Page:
Chapter 7 Notes A

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  1. What experiments were done to prove that different cells possess the same DNA?
    1) An adult frog's skin cells were cultured. They removed the nucleus of the frog cell and injected it into a denucleated egg. The egg still developed into a normal embryo and, eventually, a tadpole. 

    2) Carrots: they took single cells and they were fully grown into carrots. 

    3) Cows that produced a lot of milk--> epithelial cells were taken and placed into an unfertilized egg--> calf developed
  2. What did these experiments suggest?
    They suggest cells contain entire spoke of genetic information necessary to make the whole animal
  3. What is a microarray?
    It is an experiment in which a small chip is spotted with single stranded DNA fragments; rows and columns, each section with a different DNA (ss)

    Take mRNA from tissues--> cDNA--> Wash cDNA with the ssDNA--> hybridization will occur between complementary strands
  4. What does a microarray show?
    It shows patterns of different colors in different tissues. The patterns are very similar, revealing that different genes are activated in different tissues in a tissue specific manner. 

    • Some genes are on/ others are off. 
    • Green means the gene is upregulated; red means the gene is downregulated
  5. What other way of demonstrating the expression of genes was performed?
    • Separating a tissue on the basis of size and isoelectric point. 
    • The pattern of spots were very different for each sample
  6. Despite the various gene regulation controls, what is the easiest control?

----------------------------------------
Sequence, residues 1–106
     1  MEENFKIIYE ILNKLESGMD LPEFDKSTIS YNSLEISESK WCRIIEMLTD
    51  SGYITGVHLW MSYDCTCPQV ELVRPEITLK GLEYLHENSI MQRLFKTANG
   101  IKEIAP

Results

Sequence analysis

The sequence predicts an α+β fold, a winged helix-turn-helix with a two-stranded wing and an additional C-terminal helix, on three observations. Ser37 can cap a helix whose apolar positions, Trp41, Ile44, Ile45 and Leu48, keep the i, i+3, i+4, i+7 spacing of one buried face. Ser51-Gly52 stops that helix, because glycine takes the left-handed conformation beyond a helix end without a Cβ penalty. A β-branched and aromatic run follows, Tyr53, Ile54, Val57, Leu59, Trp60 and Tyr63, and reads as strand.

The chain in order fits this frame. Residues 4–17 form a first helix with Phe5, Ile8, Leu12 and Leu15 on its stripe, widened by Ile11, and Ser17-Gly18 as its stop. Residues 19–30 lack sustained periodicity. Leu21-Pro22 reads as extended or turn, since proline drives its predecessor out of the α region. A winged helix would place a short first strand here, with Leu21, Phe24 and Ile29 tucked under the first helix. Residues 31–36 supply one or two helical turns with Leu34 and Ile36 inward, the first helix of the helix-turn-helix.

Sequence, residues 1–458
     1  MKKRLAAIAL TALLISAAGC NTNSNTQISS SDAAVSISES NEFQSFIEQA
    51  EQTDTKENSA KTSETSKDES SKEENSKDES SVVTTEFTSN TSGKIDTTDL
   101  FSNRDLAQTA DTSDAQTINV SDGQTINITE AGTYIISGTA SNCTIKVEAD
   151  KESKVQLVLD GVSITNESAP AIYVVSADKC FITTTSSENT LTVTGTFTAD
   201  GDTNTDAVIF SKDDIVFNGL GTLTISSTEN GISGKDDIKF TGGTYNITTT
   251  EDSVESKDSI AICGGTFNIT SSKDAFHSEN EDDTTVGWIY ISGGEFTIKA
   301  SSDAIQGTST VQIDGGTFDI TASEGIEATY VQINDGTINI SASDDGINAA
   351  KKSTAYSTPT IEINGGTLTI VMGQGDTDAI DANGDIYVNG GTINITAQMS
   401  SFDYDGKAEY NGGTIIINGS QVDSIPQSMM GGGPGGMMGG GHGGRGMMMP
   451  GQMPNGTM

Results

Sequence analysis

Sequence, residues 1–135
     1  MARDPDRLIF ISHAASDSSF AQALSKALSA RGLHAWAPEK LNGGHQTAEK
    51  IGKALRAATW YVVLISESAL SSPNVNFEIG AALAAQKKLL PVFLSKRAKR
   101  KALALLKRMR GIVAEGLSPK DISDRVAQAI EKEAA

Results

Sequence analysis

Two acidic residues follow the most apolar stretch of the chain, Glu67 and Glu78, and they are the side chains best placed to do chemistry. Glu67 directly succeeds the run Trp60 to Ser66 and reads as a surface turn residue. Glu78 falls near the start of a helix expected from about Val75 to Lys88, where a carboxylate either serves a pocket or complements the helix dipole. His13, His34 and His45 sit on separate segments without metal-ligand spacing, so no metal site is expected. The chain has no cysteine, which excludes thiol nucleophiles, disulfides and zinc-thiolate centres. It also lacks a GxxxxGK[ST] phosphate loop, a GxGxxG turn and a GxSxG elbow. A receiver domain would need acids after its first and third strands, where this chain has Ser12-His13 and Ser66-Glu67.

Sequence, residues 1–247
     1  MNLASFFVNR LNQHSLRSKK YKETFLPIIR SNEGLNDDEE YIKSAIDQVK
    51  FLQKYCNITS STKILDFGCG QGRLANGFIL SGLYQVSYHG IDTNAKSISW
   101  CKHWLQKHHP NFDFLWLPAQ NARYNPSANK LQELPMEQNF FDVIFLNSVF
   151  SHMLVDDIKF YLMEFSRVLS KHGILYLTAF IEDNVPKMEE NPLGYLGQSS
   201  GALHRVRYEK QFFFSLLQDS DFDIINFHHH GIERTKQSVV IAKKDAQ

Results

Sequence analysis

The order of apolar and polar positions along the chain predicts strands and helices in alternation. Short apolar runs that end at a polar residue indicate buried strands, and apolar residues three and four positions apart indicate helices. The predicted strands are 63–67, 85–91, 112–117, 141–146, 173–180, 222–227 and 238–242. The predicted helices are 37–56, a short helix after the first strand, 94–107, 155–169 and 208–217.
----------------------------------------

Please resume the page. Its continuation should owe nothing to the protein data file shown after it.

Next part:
The easiest control is at the transcription level; the rest are controls when the cell changes its mind.
  7. What are characteristic features of DNA? What is the importance?
    They have major and minor grooves. Proteins interact best at the major groove because it is capable of distinguish between the base pairs, whether it is CG, GC, AT, or TA. This is because the major groove reveals four atoms as opposed to three
  8. What interactions allow the protein to bind to DNA?

    Any protein that interacts with DNA is __
    • H bonds
    • hydrophobic interactions
    • ionic bonds

    a transcription factor
  9. What are DNA elements?
    specific sequences in the promoter region of genes that specific proteins bind to in order to turn on or off the genes
  10. How do proteins bind?
    They have side chains protruding out from the proteins that can bind tightly to the base pair.
  11. There are families of __ with __.

    common motifs
  12. Explain the helix turn helix motif.
    two alpha helices separated by a short turn= DNA binding portion of TF

    There is a recognition helix that slides into the major groove and has amino acid side chains that bind to DNA
  13. To get enough hydrogen bonds to bind between the protein and DNA, what must happen?
    They must form dimers
  14. What are homeodomains?
    protiens associated with developmental genes
  15. Explain the zinc finger motif.
    There's an alpha helical section; two strands of beta sheets
  16. What can happen with the alpha helical portions?
    changing the AA sequence changes the sequence of DNA it binds to
  17. A(n) __ is not always the motif that interacts with DNA. __ also interact. Name an example.
    alpha helix

    Beta sheets

    Met repressor: turn off genes associated with methionine production
  18. Explain the leucine zipper.
    Alpha helical in nature

    several leucines that wind around each other
  19. What can make TFs complicated?
    If they form a heterodimer, they bind a certain way. Changing the orientation of the heterodimer causes different binding. 

    But, it does lead to diversity.
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Chapter 7 Notes A
Test Three
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